It has a population of nearly 100,000 people and is the second largest city in Palm Beach County. Only West Palm Beach is larger. It is located on US-1, known locally as Federal Highway.
Boca Raton also has easy access from I-95 and the Florida Turnpike. The beach neighborhood is on the Atlantic Ocean and the Intracoastal Waterway, known locally as Lake Boca Raton.
Although Boca Raton Airport serves general aviation in the area, most commercial flights that will get you to Boca Raton come into nearby larger airports.
These include Miami International Airport, Fort Lauderdale International Airport, and Palm Beach International Airport.
The earliest residents of the Boca Raton area were the Tequesta, a tribe of Native Americans who lived along the ocean for thousands of years but disappeared in the 1700s during the years Spain owned Florida.
The first settlers came to this area of south Florida around 1895, about the same time the Florida East Coast Railway came to town.
The railroad immediately began to improve the city's economy and by the early 1900s it had become a thriving community.
The early settlers of Boca Raton grew vegetables and pineapples.
In the early 1900s a community of Japanese farmers arrived and established the Yamato colony.
It wasn’t until 1925 that Boca Raton was incorporated. Today it is a place where the past and future come together.
Early in the town's history it was learned that the Shriners would be having a big convention in Miami. One of the Shriner's symbols was the camel.
So the town fathers built a camel sign and erected it across Dixie Highway. They hoped the Shriners would drive through and notice their little town on the way to Miami.
The area was heavily influenced by Addison Mizner, a notable architect of the time. Mizner wanted to design a luxury resort city.
He designed and created the 100 room Cloister Inn as its focal point.
The Cloister Inn was a Spanish architectural gem that was successful but Mizner got caught by the Great Depression and went bankrupt.
The Mizner assets in Boca Raton were purchased in 1930 by financier Clarence H. Geis, who turned the club into an extravagant nightclub called the Boca Raton Club.
The property was later purchased by Arthur Vining Davis in 1956, who turned it into the Boca Raton Hotel and Club.
The club prospered as a resort retirement community filled with luxurious homes and surrounded by sparkling waterways and luxurious golf courses.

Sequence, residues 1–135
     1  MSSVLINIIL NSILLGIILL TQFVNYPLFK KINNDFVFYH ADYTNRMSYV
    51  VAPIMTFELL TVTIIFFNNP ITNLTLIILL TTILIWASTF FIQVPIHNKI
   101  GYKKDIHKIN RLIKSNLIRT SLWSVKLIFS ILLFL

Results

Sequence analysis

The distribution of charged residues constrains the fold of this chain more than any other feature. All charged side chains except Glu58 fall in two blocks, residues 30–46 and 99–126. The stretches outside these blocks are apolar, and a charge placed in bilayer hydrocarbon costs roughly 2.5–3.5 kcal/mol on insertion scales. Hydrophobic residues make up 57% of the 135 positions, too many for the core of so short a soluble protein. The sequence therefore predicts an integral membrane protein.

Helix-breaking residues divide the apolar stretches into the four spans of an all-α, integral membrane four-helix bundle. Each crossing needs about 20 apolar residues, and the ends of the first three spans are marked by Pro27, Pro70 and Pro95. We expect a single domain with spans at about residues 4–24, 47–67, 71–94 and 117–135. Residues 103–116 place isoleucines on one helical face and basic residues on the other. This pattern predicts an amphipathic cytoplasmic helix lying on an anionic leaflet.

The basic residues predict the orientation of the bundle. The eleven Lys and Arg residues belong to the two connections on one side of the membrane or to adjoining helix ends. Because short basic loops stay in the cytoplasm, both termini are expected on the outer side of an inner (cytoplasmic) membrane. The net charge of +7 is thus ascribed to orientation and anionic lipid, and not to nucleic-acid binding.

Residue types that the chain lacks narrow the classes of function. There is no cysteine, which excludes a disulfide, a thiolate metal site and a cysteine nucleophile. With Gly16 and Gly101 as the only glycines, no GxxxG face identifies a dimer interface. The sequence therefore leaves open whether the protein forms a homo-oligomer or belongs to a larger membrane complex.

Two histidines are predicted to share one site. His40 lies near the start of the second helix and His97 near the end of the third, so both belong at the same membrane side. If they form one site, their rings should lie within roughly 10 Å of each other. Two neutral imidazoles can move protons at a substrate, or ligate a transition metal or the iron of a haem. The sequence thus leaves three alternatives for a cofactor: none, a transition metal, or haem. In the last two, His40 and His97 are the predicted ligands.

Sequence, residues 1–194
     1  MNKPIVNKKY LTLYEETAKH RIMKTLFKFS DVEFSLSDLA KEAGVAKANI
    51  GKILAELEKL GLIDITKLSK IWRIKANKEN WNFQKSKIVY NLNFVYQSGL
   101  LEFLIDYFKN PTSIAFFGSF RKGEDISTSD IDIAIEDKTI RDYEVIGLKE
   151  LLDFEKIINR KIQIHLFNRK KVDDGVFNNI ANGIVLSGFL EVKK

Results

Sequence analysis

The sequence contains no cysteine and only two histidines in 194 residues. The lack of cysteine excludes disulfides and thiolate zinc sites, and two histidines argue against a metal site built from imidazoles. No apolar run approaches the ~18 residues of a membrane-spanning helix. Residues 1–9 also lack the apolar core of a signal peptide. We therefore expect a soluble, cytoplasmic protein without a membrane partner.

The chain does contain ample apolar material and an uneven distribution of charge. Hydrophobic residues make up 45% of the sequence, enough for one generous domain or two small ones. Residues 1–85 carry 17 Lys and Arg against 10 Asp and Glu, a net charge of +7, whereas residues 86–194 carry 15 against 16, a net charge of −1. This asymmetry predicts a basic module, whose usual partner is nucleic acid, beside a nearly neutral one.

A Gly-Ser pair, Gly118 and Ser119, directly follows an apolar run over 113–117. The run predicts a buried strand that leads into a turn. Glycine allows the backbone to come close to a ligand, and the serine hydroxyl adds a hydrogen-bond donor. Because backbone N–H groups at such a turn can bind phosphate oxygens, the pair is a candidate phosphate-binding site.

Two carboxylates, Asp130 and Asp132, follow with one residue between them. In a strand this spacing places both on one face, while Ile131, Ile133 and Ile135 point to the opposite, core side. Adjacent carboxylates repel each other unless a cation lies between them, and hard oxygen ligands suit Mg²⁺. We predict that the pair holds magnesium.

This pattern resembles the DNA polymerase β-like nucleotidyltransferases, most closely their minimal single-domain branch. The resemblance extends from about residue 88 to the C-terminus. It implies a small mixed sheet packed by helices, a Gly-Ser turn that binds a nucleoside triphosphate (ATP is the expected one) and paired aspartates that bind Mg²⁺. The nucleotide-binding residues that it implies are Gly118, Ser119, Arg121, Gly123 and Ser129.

Today, Boca Raton is a vibrant city full of art and culture.
There is always something to do – concerts to attend, museums to walk around, outdoor food festivals to attend, beaches to stroll, and amazing restaurants to dine at.
The city is home to Florida Atlantic University, one of the state's 12 public universities, with a student population of more than 30,000 and a Division 1 athletic program.
Their stadium is nicknamed "The House That Howard Built" after revered football coach, the late Howard Schnellenberger.
The city of Boca Raton has five miles of Florida’s beautiful eastern coastline on the Atlantic Ocean with many beaches, 46 parks, and 1,650 acres of recreational space to enjoy.
The city limits extend west from the original downtown area to the Florida Turnpike, a distance of about six miles.
A major shopping opportunity near the Turnpike is the large Town Center Mall with many stores and restaurants.
Boca Raton was one of the first U.S. cities to adopt a tree protection ordinance, so tourists and city-dwellers alike can enjoy seemingly endless nature trails, plenty of greenery, and many ocean-front activities.
One of my favorite spots to visit is the Gumbo Limbo Nature Center.
Boca Raton has a diverse restaurant scene that is sure to please any pallet.
As a coastal city, Boca Raton has access to some of the freshest saltwater fish you can find.
The modern town center of Boca Raton is Mizner Square. The shopping district includes many upscale restaurants and shops.
The Centre for the Arts at Mizner Park is located at the north end, which includes the Boca Raton Museum of Art.
The Centre also has amphitheater that is one of the area's largest concert venues.
Mizner Park was designed as a Mediterranean revival town center. It fits in well with the original architecture of Boca Raton.
The Boca Raton Resort and Club still uses and maintains many of the original buildings.
It is now owned and managed by MSD Partners L.P., a group headed by Michael Dell. It's name is now The Boca Raton.